The Student’s t test was used to compare mean breast-milk total thiamine with the concentrations measured in a previously study (1995/6) in Maela camp. Whole blood TDP and thiamine concentrations in milk were compared between women with a TMP to total thiamine ratio in breast-milk of less than the median of 63% with those who had ≥63%. All statistical analysis was carried out using SPSS software (SPSS Inc., Chicago, IL; Version 11.5).


The 636 women were of normal BMI with a median length of stay in the refugee camp of 8.8 years (Table 1). Thiamine in breast-milk was composed of thiamine monophosphate (TMP) in addition to free thiamine with mean proportions of 63% and 37% of total thiamine, respectively (Table 1). TDP was detected only in negligible small amounts (in average <1% of total thiamine, data not shown). The finding of breast-milk containing the mono-phosphorylated form of thiamine was confirmed in breast-milk samples (n = 6) of non-supplemented women from Stuttgart, Germany: mean total thiamine of 757±153 nmol/L with a mean proportion of TMP per total thiamine of 57±23%. The existence of TMP in breast-milk was proven through its enzymatic hydrolysis in pooled samples from Maela and Stuttgart: ‘free’ thiamine increased by the corresponding TMP concentration in the respective samples. The analysis by mass spectrometry in the selected ion monitoring mode confirmed TMP (m/z 343; m/z 381) and thiamine (m/z 265) as well as higher TMP than thiamine concentrations in the milk pools from Maela and Stuttgart.

Table 1. Characteristics of the study population, whole blood TDP and breast-milk thiamine at 12 weeks post partum 1–6.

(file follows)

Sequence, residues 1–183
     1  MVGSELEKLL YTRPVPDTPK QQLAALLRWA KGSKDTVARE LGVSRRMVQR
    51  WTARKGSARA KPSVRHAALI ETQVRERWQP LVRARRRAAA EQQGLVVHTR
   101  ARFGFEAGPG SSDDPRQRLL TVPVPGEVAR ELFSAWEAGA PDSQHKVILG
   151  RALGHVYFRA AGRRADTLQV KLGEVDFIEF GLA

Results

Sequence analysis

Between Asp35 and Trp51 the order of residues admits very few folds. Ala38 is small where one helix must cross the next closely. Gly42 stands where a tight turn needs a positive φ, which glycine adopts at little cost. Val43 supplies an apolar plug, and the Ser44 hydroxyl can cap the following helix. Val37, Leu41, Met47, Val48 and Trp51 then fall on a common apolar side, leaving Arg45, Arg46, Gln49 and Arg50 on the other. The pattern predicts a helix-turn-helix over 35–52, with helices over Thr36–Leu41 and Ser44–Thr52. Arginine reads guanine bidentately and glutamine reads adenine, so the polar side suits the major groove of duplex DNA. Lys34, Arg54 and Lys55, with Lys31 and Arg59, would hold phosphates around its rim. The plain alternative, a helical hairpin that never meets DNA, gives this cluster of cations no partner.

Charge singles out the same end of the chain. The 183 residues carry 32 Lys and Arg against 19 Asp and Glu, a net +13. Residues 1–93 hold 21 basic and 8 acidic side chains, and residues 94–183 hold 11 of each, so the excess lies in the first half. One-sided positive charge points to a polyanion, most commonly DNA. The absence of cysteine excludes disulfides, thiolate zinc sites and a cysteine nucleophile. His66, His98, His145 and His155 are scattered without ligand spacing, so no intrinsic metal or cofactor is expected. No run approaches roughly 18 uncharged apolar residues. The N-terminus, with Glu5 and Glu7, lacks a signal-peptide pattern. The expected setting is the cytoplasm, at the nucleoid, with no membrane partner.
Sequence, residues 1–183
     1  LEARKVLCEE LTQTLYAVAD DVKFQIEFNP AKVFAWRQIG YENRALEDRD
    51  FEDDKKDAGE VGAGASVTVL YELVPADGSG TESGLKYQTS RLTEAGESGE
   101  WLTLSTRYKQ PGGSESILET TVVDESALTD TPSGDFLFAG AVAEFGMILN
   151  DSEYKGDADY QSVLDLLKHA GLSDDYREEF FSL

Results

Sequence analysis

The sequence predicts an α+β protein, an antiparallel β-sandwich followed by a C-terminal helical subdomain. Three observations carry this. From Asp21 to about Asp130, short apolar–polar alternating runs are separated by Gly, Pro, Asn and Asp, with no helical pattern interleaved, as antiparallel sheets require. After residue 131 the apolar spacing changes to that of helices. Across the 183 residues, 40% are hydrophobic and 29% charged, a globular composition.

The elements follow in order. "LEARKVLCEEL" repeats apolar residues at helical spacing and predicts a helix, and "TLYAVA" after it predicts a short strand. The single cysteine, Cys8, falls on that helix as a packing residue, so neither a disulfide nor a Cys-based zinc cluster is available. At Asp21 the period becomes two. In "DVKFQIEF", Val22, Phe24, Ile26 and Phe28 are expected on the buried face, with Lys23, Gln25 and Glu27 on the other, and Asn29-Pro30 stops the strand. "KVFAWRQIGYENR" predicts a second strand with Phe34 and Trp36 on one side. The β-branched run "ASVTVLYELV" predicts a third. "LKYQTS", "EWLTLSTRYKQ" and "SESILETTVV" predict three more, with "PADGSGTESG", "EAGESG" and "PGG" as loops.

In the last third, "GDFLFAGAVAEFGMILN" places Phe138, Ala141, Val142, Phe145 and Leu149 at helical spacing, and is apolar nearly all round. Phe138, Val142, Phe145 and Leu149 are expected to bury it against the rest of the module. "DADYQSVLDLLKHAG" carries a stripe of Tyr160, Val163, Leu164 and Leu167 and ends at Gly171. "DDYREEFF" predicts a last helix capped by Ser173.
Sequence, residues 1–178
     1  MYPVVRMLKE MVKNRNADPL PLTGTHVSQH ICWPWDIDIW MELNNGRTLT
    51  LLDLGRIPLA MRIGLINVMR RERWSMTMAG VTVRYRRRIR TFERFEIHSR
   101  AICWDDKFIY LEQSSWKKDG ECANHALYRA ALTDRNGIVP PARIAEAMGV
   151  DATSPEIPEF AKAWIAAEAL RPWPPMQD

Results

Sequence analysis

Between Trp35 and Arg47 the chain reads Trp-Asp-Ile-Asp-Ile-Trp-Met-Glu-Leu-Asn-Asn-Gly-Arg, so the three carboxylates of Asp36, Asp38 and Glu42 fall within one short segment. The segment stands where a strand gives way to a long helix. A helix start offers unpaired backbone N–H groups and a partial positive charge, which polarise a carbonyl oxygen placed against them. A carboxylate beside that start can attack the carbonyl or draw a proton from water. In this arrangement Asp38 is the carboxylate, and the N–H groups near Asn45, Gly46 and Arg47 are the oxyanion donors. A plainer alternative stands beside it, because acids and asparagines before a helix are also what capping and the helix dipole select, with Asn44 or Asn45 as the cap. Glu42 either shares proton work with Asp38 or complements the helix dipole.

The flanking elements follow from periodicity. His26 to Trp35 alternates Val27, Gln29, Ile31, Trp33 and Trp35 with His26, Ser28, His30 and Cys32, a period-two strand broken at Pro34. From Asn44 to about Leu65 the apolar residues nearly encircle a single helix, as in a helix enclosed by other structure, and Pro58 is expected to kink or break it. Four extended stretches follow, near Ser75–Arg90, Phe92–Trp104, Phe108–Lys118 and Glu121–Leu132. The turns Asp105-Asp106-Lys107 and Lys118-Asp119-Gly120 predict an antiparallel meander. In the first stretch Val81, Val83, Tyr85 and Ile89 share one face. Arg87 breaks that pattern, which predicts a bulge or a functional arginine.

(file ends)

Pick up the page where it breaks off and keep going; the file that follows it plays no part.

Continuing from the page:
Five percent of all studied women had low whole blood TDP (<65 nmol/L) and four percent had deficient breast-milk thiamine (total thiamine <300 nmol/L) (Table 1). Whole blood TDP was positively correlated with hemoglobin and was significantly higher in Christians than in Buddhists or Muslims (Table 2). Neither the chewing of betel nut, daily consumption of fermented fish nor the days of provided thiamine supplements post-partum at time of blood draw were associated with concentrations of whole blood TDP. Thiamine in breast-milk was positively correlated with TMP (r = 0.252, p<0.001), and both thiamine and TMP were strongly associated with the concentration of whole blood TDP (R2 = 0.36 and 0.10, respectively): TMP increased 1.12 nmol/L and [square root] thiamine increased 0.10 nmol/L per nmol/L increase in whole blood TDP (Table 2). BMI was negatively associated with thiamine but significantly positively correlated with TMP in breast-milk. Betel nut chewing was inversely associated with breast-milk TMP (Table 2). Independent predictors of total breast-milk thiamine included whole blood TDP and the ratio of TMP to total thiamine (R2 = 0.37 and 0.12, respectively); [square root] total thiamine in breast increased (+0.06, 95% CI 0.05 to 0.07) per unit increase in whole blood TDP and decreased (−0.13, 95% CI −0.15 to −0.11) per unit increase in TMP ratio. A higher ratio of TMP to total breast-milk thiamine than 63% (median of the present study) indicated lower thiamine status (Table 3). Women with an equal or higher TMP proportion of 63% had a significantly lower whole blood TDP and lower free thiamine and total thiamine in breast-milk than those with a TMP proportion of <63%; the concentrations of breast-milk TMP were similar in both groups. Logistic regression analysis revealed low whole blood TDP, TMP to total thiamine ratio ≥63% and smoking as independent risk factors of deficient breast-milk thiamine (Table 4); high TMP ratio (≥63%) was associated with a 4- and 7.5-fold higher risk of deficient breast-milk thiamine and low whole blood TDP, respectively. There was a limited increase of TMP but a significant linear increase of free thiamine in breast-milk with increasing concentrations of whole blood TDP (Figure 1), suggesting whole blood TDP had more impact on free thiamine than on TMP in milk.